Logic gates perform basic logical functions and are the fundamental building blocks of digital integrated circuits. Most logic gates take an input of two binary values, and output a single value of a 1 or 0. Some circuits may have only a few logic gates, while others, such as microprocessors, may have millions of them. There are seven different types of logic gates, which are outlined below.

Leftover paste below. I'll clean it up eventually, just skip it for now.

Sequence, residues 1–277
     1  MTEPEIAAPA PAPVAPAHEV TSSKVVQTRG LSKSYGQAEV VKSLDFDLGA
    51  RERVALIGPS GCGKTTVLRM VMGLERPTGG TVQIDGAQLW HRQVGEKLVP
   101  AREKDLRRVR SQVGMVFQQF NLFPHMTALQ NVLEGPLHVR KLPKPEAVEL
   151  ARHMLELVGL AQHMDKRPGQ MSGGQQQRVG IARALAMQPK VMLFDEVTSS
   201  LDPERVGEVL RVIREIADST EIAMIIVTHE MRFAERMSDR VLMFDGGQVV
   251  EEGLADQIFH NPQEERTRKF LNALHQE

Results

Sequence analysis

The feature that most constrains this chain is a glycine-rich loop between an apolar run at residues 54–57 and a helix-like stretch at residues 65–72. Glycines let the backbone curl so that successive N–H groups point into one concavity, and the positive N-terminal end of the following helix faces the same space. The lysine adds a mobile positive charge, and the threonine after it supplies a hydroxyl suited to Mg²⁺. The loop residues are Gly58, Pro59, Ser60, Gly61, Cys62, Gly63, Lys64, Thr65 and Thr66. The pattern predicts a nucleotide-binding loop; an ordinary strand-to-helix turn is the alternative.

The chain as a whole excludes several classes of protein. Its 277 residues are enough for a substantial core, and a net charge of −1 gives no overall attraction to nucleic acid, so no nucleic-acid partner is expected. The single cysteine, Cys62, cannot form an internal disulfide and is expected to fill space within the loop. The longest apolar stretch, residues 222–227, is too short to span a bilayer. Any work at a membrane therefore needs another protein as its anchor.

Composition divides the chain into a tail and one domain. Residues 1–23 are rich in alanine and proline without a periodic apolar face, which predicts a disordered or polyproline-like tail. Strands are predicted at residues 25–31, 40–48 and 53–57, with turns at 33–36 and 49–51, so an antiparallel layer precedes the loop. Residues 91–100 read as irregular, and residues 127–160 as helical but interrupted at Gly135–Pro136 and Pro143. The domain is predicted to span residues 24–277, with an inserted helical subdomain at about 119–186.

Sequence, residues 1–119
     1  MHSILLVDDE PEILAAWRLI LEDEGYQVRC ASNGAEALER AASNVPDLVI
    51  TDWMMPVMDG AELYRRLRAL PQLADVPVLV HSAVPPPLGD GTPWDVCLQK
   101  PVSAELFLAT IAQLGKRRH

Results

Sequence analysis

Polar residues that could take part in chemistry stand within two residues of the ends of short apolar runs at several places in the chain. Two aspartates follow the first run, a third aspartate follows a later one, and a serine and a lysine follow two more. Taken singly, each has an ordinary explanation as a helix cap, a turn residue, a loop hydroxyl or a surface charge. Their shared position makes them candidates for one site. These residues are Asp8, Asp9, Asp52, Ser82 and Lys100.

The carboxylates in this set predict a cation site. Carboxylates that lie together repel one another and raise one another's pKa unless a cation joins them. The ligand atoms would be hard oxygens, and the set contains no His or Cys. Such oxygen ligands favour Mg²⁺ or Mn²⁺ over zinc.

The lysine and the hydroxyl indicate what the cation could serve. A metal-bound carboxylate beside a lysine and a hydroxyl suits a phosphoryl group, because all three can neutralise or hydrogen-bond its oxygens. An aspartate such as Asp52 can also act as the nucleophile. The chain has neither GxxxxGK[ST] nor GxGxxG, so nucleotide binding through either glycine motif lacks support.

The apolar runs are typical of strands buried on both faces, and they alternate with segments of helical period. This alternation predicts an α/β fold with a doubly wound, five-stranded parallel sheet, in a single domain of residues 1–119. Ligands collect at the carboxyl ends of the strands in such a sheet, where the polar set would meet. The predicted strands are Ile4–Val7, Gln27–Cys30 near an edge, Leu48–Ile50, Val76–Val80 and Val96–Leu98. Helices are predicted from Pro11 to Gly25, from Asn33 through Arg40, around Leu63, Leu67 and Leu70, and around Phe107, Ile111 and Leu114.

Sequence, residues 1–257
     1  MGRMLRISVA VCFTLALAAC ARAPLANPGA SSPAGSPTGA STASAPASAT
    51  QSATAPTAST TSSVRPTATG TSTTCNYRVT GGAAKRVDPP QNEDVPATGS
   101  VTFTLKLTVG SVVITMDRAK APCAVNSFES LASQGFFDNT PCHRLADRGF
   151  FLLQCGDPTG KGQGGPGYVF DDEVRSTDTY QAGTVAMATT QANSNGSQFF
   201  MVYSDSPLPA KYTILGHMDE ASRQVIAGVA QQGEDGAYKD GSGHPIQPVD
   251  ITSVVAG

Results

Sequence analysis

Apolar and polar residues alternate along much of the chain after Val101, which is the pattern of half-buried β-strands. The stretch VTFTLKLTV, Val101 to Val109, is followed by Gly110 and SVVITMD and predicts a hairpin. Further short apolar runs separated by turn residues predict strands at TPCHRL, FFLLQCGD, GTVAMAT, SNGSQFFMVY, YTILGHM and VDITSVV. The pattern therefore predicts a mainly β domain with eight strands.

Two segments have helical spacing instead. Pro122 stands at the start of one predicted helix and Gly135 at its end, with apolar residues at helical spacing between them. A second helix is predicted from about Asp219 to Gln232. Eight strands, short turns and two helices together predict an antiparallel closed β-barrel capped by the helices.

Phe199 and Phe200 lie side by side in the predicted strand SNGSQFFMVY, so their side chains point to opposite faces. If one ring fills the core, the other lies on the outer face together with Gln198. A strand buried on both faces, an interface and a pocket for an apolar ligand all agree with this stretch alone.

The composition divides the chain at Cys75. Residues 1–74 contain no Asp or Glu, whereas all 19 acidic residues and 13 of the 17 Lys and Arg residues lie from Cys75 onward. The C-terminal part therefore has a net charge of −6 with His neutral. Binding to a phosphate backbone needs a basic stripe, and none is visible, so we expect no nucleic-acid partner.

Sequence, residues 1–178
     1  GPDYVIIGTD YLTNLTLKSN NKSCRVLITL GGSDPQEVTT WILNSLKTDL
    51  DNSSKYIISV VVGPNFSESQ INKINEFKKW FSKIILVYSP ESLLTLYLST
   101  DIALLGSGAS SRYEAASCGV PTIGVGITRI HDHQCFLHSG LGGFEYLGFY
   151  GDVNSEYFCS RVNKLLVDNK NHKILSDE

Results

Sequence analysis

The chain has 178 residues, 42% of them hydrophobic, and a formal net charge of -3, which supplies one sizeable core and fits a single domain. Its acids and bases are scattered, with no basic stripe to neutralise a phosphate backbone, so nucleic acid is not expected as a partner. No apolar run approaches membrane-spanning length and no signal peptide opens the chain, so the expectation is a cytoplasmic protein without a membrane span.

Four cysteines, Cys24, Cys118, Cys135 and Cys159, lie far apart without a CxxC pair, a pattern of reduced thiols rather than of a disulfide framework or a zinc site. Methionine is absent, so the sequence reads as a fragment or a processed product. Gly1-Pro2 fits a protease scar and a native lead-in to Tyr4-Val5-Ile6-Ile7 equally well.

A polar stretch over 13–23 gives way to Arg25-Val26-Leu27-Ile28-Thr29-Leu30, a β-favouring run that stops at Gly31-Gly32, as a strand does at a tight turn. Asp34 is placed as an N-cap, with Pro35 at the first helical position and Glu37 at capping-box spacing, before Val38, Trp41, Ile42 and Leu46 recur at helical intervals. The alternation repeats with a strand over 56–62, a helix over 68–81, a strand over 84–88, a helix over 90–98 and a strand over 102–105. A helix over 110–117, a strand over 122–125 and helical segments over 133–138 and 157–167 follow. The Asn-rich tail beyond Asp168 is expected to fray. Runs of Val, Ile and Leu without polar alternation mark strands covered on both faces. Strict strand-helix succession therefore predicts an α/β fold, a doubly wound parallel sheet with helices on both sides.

In the following examples, each logic gate except the NOT gate has two inputs, A and B, which can either be 1 (True) or 0 (False). The resulting output is a single value of 1 if the result is true, or 0 if the result is false.
- AND - True if A and B are both True
- OR - True if either A or B are True
- NOT - Inverts value: True if input is False; False if input is True
- XOR - True if either A or B are True, but False if both are True
- NAND - AND followed by NOT: False only if A and B are both True
- NOR - OR followed by NOT: True only if A and B are both False
- XNOR - XOR followed by NOT: True if A and B are both True or both False